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Reviews

Citay
Dream Get Together John Calvert , February 9th, 2010 09:34

As is true of any impressively authentic exercise in revivalism, be it millennial post-punk or Electroclash, for the artist it's all about escape. The more bountiful the music is of period detail the more powerful the time machine, and all the closer the revivalist is to transporting to romanticised times, where they can at last claim the experience denied to them by the inconvenience of being born too late. To paraphrase Citay's triumphant cover of Galaxie 500's 'Tugboat' "There's a place I'd like to be / There's a place I'd be happy".

San Francisco's burgeoning 'New Psyche' craze in is bracketed on the one hand by cult group secret Sleepy Sun, and on the other Erza Feinberg and his band of merry retrophiles in fantastical jam band Citay. If it's Wooden Shjips' more modern, Krautrock-informed drone that's mugging the scene's press, its Sleepy Sun and Citay who betoken the sub-culture's guiding philosophy; the motif being straight pastiche.

That said, Feinberg is loathe to let the demands of verisimilitude get in the way of a good time. The ethos might be pure but the music is often corrupted by anachronistic outlandishness. If they're a harsher and immeasurably more transporting prospect, Sleepy Sun can be likened to Citay in their penchant for excess. Contrastingly though, while last year's Sleepy Sun debut Embrace sequestered barbaric Sabbath riffage, Citay prefer to colour their soft edged naturalism with flashy poodle-rock, which is the mood that seems to have taken them on opener 'Careful With That Hat'. Throughout Dream Get Together the guitar heroics are as conspicuous as David Lee Roth at a Fugazi gig. This is especially so on 'Fortunate Sun' and the frankly preposterous 'Hunter', which disturbs your campfire slumber with a cameo from Eddie 'Fingers' Ojeda. The most tasteless moment on the album, the title track sounds like some horrible British pop-metal abomination we thankfully can't recall the name of; the type of song Jeremy Clarkson would patronizes his wife to.

When they do hold fast to a traditional psyche-rock style, though, Citay mix and match their way through the era with impunity. After attempting the naïve optimism synonymous with the folksy likes of The Mammas and Pappas, they ease into extended electric noodling directly influenced by the relatively more confrontational Grateful Dead, while 'Secret Breakfast' toys with Sgt. Pepper-esque eastern stylings. There are also shades of 'Pipers'-period Pink Floyd and the point at which psychedelia began to merge with the avant-garde, begetting Prog, manifested here in frostings of abstract synths.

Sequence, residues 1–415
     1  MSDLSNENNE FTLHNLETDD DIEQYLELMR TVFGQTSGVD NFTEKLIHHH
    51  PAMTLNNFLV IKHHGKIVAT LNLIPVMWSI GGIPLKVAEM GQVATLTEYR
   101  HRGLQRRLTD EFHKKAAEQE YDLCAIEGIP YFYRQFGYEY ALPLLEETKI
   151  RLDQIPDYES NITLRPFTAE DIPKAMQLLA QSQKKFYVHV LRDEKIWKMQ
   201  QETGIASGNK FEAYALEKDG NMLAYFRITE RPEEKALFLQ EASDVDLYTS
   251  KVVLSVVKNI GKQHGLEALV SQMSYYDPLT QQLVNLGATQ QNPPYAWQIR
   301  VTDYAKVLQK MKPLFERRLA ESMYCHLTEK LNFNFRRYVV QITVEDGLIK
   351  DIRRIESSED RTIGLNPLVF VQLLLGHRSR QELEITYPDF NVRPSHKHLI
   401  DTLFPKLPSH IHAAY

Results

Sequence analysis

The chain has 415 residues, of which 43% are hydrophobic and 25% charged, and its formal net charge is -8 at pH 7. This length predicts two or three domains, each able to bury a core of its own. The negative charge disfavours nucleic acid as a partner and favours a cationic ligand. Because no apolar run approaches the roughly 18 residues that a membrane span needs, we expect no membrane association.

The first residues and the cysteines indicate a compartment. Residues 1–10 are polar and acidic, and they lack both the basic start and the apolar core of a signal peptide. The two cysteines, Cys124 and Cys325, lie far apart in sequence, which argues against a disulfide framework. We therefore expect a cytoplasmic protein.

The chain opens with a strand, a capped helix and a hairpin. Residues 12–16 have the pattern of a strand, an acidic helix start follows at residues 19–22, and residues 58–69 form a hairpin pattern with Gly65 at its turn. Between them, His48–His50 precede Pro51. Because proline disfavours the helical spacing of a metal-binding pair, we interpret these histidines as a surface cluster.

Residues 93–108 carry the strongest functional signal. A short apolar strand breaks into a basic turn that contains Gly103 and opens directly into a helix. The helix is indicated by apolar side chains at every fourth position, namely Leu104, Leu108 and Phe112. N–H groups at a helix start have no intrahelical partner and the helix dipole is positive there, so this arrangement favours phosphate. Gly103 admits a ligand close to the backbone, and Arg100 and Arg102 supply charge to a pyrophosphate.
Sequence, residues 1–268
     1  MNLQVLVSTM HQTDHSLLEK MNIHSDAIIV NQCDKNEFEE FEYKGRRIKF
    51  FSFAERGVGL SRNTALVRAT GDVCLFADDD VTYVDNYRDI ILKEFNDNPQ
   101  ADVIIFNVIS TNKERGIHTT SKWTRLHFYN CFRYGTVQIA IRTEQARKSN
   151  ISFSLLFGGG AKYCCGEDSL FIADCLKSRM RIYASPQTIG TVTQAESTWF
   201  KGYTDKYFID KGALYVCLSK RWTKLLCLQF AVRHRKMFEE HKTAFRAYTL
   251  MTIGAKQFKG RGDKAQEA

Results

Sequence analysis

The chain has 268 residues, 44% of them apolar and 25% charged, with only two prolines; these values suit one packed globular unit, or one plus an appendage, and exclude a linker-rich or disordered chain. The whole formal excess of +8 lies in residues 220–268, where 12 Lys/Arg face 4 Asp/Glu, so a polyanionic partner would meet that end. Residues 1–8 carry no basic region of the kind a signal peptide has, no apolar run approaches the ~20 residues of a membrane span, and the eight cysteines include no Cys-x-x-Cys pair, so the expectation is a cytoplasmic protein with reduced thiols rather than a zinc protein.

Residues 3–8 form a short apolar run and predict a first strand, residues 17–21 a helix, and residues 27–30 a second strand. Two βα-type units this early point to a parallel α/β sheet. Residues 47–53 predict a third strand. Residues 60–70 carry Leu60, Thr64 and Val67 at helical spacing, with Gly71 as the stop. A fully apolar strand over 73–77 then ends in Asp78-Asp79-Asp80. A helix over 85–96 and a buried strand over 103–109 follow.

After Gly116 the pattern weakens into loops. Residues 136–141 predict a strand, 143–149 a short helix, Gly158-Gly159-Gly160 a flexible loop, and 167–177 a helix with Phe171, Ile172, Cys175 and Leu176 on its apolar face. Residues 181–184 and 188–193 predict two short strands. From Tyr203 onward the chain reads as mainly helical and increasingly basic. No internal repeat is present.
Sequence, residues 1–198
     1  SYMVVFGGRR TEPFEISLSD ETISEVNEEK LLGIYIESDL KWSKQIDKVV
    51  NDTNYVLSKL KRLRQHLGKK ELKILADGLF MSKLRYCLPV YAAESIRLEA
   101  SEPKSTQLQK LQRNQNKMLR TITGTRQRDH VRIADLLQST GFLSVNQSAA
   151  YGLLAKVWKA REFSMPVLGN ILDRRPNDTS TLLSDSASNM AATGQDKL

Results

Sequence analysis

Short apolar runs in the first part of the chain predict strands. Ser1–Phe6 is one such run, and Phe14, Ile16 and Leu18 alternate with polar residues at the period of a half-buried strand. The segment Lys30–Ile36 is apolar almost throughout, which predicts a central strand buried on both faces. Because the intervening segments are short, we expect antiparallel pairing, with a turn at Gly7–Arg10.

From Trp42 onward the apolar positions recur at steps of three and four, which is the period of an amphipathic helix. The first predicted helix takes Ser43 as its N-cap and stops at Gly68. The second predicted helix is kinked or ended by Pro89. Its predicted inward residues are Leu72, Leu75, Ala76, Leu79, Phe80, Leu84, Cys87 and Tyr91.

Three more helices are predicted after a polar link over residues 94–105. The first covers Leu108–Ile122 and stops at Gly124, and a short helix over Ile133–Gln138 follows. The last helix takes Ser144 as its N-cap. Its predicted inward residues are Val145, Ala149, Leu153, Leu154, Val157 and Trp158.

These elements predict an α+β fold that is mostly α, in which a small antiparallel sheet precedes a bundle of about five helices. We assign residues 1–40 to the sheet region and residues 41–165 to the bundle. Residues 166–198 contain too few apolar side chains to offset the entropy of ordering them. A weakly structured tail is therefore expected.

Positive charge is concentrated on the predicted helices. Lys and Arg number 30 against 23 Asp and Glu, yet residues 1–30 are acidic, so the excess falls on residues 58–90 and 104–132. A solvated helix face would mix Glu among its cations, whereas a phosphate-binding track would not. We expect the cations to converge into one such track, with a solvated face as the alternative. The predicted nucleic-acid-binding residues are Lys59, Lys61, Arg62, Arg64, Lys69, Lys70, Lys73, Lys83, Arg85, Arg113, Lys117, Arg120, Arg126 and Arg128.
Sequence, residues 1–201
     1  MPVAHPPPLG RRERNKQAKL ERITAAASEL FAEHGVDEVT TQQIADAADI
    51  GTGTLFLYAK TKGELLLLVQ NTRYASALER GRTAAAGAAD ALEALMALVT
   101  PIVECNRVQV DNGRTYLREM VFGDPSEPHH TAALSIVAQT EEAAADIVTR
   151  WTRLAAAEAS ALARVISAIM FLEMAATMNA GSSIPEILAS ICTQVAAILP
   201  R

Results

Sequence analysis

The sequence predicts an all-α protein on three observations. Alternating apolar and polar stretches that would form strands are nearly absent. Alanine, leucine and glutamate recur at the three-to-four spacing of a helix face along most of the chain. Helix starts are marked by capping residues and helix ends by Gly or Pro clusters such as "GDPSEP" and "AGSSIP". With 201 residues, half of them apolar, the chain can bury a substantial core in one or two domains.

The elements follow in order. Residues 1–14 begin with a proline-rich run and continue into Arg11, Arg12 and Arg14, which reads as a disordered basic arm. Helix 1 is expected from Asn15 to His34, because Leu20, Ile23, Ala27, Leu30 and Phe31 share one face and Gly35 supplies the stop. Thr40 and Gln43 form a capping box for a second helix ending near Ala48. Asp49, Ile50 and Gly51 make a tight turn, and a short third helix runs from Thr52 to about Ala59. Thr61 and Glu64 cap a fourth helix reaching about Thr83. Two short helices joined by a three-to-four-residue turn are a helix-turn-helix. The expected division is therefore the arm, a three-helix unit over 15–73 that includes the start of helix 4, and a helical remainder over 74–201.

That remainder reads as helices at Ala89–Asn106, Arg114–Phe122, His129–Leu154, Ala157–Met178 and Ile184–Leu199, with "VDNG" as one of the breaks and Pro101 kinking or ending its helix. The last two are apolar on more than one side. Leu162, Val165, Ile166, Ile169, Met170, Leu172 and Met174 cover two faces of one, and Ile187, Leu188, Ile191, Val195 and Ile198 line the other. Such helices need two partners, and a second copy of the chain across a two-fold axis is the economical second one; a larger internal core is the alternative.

The aforementioned instrumental 'Secret Breakfast' is your archetypal hippy reverie. It's their most retro moment and about as psychedelic as Dream Get Together gets, making it their keynote track. Which poses the question: is this the most effectually mind-expanding your garden variety psyche-rock can hope to be now? It almost seems grounded, numerical and most of all dowdy next to say Merriweather Post Pavilion and its bizarrely indeterminate post-techno fantasia. In fact, this type of bucolic day-dream was theoretically outmoded with the arrival of Wire's 1978 opus Chairs Missing. That was post punk's first psychedelic album, which exchanged Citay's Californian redwoods for interior landscapes, converting modern neurosis into the stark psychedelia of inner space - far more perception-altering.

Nevertheless, album highlight 'Mirror Kisses', with its flower-in-the-gun-barrel sentiment and listless harmonies, is a soothing elixir, sculpted with a monistic serenity. It's that type of nourishing pre-punk entity that proposes you reassess your punk ideals. Give us destruction, mindless fury, dead-eyed humour and Songs About Fucking, any day. Give us alienation, self abasement, give us trepanning minimalism; three chords only, the Velvet Undergroud and morbid eroticism, give us punk rock. Perhaps this is where Citay have succeeded, in that when they aren't breaking formation for unabashed self-aggrandisement, so convincing is their 60s recreation that, like the generation that followed, we hanker for what is to come next.

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